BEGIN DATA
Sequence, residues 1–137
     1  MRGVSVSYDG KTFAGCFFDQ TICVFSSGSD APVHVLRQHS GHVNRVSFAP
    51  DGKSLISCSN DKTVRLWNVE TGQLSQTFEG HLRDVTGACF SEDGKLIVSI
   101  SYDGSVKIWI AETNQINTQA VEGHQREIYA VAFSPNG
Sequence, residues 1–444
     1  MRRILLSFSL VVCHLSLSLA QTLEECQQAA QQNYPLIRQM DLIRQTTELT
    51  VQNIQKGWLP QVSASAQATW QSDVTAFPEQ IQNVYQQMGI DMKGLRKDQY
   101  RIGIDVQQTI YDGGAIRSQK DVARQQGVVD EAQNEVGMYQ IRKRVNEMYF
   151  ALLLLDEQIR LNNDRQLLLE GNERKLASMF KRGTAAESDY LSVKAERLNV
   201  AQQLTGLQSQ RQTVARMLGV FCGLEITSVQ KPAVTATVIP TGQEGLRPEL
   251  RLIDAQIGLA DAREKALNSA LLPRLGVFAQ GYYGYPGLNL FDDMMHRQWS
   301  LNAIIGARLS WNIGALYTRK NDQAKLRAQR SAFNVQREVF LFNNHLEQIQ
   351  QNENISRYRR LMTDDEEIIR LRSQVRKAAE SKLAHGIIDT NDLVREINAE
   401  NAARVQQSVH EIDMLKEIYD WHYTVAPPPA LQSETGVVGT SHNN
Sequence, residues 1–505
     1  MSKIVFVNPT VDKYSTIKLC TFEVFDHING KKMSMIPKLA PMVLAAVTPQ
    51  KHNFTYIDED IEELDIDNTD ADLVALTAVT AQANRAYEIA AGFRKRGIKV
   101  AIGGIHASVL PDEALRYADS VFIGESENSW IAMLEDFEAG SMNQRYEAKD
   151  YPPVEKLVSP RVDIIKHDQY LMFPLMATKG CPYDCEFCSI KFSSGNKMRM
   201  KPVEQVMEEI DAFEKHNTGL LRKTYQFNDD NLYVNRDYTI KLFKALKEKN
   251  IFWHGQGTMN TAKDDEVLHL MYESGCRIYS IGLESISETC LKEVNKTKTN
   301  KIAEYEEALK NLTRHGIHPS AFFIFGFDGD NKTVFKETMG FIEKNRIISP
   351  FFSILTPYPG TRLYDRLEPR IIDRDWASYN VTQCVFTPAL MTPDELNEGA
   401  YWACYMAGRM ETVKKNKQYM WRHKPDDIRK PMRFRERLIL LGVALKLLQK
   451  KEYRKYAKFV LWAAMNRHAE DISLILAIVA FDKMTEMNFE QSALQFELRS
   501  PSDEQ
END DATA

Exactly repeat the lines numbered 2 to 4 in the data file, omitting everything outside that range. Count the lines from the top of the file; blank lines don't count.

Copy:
     1  MRGVSVSYDG KTFAGCFFDQ TICVFSSGSD APVHVLRQHS GHVNRVSFAP
    51  DGKSLISCSN DKTVRLWNVE TGQLSQTFEG HLRDVTGACF SEDGKLIVSI
   101  SYDGSVKIWI AETNQINTQA VEGHQREIYA VAFSPNG